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Motorbike Licence Types

Posted by Don Brown on Tuesday, May 14, 2019 Under: Guest Motorcycle Articles
A motorbike licence in the UK is classified by three different categories.  The categories are primarily defined by the engine size, power, and speed of the bike that can be operated.  The requirements for each type of bike licence are discussed below.  

Category P

Category P is a moped licence.  It limits the rider to machines of 50cc or less with a design speed of up to 50 km/h (31 mph).  A provisional moped licence can be obtained at 16 years or older.  As with a provisional motorbike licence, the rider cannot ride on motorways or carry pillion passengers.  Riders must take a compulsory basic training (CBT) course and receive a DL196 (CBT test certificate) before they may operate a moped on the road.  The same DL196 is valid for motorcycles as well for riders over 17 with the proper provisional motorbike licence.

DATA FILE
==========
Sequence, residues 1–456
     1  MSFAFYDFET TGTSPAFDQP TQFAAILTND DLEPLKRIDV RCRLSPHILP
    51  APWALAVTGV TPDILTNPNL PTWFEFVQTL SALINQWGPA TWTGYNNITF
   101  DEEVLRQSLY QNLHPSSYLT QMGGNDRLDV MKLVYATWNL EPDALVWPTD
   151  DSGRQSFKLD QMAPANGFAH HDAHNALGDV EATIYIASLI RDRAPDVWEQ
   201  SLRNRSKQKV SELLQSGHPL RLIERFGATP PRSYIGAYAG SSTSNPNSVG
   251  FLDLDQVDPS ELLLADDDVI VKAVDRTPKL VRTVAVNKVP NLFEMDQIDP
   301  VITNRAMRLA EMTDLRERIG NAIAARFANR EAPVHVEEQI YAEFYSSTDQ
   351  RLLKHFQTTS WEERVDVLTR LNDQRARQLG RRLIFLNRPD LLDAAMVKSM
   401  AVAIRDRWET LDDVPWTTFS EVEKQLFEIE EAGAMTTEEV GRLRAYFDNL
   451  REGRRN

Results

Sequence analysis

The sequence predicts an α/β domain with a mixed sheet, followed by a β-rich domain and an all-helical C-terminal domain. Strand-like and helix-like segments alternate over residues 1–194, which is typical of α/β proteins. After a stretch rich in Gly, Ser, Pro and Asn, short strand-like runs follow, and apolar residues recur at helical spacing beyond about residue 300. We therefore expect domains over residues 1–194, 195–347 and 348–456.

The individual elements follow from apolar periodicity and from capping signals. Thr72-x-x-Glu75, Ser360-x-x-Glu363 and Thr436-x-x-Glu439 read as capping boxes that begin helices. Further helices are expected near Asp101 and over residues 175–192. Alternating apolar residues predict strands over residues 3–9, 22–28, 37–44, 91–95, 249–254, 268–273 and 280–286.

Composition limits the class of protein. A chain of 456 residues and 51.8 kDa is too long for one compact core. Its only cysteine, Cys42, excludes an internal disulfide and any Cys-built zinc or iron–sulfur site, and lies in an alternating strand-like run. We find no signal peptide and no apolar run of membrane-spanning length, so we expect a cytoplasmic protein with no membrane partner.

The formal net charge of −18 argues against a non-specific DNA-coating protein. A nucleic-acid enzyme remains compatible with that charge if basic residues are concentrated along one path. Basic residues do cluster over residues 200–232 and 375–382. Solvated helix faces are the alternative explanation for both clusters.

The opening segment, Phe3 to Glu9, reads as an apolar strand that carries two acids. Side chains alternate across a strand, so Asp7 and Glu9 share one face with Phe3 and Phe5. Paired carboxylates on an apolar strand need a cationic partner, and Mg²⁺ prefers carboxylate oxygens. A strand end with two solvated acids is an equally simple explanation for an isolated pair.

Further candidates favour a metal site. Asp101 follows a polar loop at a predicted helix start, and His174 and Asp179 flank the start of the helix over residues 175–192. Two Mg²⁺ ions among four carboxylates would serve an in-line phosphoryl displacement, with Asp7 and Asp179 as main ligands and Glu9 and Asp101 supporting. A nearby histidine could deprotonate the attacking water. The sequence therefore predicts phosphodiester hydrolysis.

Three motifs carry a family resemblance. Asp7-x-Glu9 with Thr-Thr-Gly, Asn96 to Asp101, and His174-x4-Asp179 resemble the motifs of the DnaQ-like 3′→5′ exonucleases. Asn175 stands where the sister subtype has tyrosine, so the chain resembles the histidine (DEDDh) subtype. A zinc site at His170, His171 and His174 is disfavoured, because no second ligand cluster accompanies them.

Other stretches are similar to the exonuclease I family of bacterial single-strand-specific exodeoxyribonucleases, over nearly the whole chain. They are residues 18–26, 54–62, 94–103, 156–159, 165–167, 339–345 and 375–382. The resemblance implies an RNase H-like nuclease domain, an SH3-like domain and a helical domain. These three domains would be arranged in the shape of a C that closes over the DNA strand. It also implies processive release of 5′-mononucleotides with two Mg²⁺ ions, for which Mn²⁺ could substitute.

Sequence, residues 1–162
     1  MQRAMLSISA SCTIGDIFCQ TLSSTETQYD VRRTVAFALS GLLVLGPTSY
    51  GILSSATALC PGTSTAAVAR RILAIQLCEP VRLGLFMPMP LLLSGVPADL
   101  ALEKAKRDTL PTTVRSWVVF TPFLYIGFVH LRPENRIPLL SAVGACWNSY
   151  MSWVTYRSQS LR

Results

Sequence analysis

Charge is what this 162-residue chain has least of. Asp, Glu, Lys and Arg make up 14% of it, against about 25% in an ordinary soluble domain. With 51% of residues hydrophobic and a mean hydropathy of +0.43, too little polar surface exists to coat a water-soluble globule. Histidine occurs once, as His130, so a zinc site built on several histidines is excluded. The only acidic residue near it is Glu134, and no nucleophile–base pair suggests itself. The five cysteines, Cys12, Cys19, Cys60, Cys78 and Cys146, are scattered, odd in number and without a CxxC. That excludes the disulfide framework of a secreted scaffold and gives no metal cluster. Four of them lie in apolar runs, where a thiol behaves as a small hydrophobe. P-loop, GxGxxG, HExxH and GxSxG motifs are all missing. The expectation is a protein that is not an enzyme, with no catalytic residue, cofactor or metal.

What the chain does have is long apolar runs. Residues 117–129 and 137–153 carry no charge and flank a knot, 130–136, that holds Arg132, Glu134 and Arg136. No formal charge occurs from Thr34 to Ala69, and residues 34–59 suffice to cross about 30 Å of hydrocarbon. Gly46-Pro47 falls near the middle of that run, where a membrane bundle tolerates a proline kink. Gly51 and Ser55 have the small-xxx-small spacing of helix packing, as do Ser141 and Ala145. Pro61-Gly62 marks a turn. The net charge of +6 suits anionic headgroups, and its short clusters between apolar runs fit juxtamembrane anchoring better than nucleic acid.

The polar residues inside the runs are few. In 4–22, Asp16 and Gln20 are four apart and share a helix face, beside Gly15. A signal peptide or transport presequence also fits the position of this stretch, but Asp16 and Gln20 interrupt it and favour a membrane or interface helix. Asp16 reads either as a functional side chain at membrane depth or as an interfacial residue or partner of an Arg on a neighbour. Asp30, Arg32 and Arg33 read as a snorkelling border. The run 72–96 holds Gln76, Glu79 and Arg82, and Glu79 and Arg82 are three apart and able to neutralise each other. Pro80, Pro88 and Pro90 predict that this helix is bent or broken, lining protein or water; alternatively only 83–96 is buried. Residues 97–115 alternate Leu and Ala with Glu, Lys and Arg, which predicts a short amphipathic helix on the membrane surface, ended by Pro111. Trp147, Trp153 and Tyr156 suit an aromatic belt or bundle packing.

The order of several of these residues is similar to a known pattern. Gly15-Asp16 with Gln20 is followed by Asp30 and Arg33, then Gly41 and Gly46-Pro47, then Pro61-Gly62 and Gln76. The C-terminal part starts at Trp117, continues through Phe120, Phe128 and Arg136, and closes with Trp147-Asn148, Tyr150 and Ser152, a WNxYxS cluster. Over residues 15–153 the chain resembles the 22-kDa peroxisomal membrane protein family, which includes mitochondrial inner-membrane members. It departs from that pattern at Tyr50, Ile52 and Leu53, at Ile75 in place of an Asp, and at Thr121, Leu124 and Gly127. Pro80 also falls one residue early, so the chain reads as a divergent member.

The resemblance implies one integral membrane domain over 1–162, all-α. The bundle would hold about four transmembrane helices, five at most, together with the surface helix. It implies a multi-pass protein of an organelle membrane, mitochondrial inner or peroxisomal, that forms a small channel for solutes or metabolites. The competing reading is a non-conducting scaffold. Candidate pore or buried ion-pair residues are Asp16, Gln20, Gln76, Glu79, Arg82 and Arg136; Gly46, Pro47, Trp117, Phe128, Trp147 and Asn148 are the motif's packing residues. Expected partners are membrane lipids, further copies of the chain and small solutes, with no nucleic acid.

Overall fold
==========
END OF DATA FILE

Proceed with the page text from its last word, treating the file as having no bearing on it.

Category A1

Category A1 comprises what are generally termed "light motorcycles," with an engine displacement up to 125cc and power output limited to 11kW.  The practical test for an A1 bike licence must be taken on a motorcycle between 75cc and 125cc.

Category A

The standard category A bike licence permits the rider to operate a bike restricted to a power output up to 25 kW and a power to weight ratio up to 0.16kW/kg.  After two years of riding, the size restrictions are lifted.  The test for category A is taken on a bike between 120cc and 125cc that can reach 100km/h.

Direct Access

Riders over 21 who have passed the CBT test and motorbike theory test may proceed directly to an unrestricted full motorbike licence by taking the practical test on a machine with a 35kW power output or greater.  The CBT training may be done with a light bike or a larger motorcycle.  Riders may practise for the practical test on a larger bike if wearing fluorescent or reflective clothes and accompanied by a certified instructor.

Accelerated Access

Riders over 21 still in the 2 year restricted period may accelerate the time to a full licence by passing the practical test on a larger (>35kW) bike.  They may practise for the test on larger bikes under the same limitations as noted for direct access trainees in the previous section.

No matter which type of motorbike licence you seek, it helps to know ahead of time what requirements, bike sizes, and limitations are involved.

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